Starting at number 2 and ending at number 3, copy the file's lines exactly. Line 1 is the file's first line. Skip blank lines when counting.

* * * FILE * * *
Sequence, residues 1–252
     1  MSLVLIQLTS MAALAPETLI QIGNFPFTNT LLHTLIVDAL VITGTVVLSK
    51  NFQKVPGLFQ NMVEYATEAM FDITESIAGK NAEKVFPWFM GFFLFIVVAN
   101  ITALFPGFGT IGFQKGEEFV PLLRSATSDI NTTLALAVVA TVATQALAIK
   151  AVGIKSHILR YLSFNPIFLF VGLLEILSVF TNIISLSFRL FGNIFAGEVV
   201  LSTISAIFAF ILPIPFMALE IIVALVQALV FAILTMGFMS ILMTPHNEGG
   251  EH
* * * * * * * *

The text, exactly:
     1  MSLVLIQLTS MAALAPETLI QIGNFPFTNT LLHTLIVDAL VITGTVVLSK
    51  NFQKVPGLFQ NMVEYATEAM FDITESIAGK NAEKVFPWFM GFFLFIVVAN